Belgium took a big step Thursday to becoming the first country to allow euthanasia for incurably ill children,after the upper house of Parliament voted by a large majority to extend to minors a 2002 law legalizing the practice for adults.
Under the amended law,euthanasia would become legal for children afflicted with constant and unbearable physical suffering and equipped with a capacity of discernment. During a sometimes heated public debate in the run-up to the vote,religious leaders condemned the move as entering a logic that leads to the destruction of societys foundations.
Philippe Mahoux,a Socialist Party senator and sponsor of the legislation,described giving terminally-ill children the right to die in dignity as the ultimate gesture of humanity. He dismissed the religious leaders criticism,saying it was unrepresentative of the views of many ordinary believers,who he said supported the legal change.
He said the legislation did not seek to define death – that is for theologians and philosophers – but to allow young people,with the assent of their parents,to choose the manner of their dying in the event of terminal illness and intolerable physical pain.
Although Europe is generally far more accepting of euthanasia or assisted suicide than the United States,only a handful of countries have formally legalized medical interventions to cause death. Luxembourg permits euthanasia for adults,and Switzerland allows doctors to help patients die but not to actively kill them. The Netherlands allows euthanasia in special cases for gravely ill patients 12 or older.
But Belgium – where adult euthanasia cases already number around 1,000 a year – is the first country to propose lifting all age restrictions.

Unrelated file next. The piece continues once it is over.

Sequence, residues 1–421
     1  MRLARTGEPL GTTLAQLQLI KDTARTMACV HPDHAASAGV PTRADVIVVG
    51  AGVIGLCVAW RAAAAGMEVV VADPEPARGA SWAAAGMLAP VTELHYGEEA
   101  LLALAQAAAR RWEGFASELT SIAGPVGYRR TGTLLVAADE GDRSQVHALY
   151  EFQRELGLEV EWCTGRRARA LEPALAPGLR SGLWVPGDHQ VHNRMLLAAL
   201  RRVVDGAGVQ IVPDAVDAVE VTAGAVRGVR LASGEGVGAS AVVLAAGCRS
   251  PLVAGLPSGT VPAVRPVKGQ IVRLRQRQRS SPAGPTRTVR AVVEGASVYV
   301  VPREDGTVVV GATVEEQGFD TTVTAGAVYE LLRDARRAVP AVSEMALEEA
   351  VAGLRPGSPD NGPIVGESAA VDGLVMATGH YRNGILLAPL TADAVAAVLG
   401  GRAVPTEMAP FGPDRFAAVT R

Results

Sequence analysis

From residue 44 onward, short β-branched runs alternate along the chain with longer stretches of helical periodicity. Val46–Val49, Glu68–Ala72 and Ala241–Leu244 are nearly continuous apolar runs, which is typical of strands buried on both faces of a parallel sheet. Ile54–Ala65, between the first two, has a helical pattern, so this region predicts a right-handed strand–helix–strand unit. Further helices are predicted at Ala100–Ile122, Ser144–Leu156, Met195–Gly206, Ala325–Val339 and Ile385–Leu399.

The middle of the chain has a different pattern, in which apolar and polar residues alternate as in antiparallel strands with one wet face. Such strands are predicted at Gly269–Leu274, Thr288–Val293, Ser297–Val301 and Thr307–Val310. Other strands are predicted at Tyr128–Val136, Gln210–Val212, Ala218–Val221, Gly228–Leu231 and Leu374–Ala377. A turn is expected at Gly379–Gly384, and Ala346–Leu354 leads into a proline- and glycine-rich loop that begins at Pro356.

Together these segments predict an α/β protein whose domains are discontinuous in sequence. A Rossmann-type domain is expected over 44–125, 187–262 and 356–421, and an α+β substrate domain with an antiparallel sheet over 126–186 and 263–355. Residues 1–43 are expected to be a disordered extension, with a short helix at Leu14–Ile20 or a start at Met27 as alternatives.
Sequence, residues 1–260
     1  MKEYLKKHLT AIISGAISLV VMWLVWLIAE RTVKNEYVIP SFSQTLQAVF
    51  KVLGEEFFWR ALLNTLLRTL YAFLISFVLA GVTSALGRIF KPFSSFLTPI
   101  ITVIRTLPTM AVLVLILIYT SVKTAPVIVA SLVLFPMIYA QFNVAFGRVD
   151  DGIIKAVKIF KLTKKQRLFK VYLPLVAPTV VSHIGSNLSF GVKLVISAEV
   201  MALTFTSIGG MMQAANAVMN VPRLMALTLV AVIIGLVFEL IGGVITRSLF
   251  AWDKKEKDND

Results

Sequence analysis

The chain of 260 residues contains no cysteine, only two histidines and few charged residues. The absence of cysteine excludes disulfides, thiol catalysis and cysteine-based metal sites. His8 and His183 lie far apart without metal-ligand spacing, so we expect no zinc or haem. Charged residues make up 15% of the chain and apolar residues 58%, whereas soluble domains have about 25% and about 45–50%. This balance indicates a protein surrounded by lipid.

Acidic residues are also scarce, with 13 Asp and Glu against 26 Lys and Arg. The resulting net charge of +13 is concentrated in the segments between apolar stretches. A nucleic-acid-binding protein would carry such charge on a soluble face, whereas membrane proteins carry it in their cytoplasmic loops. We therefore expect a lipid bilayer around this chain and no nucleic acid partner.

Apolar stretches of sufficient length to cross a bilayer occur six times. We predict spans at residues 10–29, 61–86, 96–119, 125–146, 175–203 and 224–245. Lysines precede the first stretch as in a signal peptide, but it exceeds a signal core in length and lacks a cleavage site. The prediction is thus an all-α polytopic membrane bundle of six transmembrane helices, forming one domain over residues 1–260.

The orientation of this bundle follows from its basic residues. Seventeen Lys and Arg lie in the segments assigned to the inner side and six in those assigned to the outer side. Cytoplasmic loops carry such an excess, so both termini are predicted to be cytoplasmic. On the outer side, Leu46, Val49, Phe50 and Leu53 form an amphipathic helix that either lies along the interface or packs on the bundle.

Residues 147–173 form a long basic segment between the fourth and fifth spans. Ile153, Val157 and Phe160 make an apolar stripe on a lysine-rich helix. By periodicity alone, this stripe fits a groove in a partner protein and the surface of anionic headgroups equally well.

Fifty of the 71 members of the Belgian Senate voted for the measure on Thursday. Just 17,mostly from the conservative,and traditionally Catholic,Christian Democrats,voted against. Four did not vote.
Before becoming law,the changes must be voted on by the Parliaments lower house,which is expected to take up the matter before elections in May. The measure seems likely to pass,and would put Belgium in a separate category from almost any other nation when it comes to allowing the terminally ill to choose to die.
The idea of euthanasia for children has been taboo in most countries,not only for religious reasons but also because of the horrors of Nazi Germany,which killed thousands of mentally and physically handicapped children under a program known as Kinder Euthanasie.
Mahoux said in an interview before the vote that euthanasia for terminally-ill children was already practiced on occasion in some Belgian hospitals and that the law would not lead to a surge in medically accelerated death among sick children but would save doctors from potential criminal prosecution.
The amended law extending the right to die to children mandates that euthanasia can be carried out only at the demand of a patient and that such a request be voluntary,considered and repeated and not the result of external pressure.
Unlike adults,children would not be allowed to choose death on the grounds of psychological suffering but only when there was no hope of recovery from an illness that involves extreme physical pain. Parents must give their approval in writing.
Religious groups,however,view Belgiums efforts to extend its already contentious 2002 law to children as a dangerous erosion of moral barriers protecting the sanctity of life. We mark out opposition to this extension and express our trepidation in the face of the risk of a growing trivialization of such a grave reality, the leaders of Belgiums Christian,Muslim and Jewish communities said in a statement.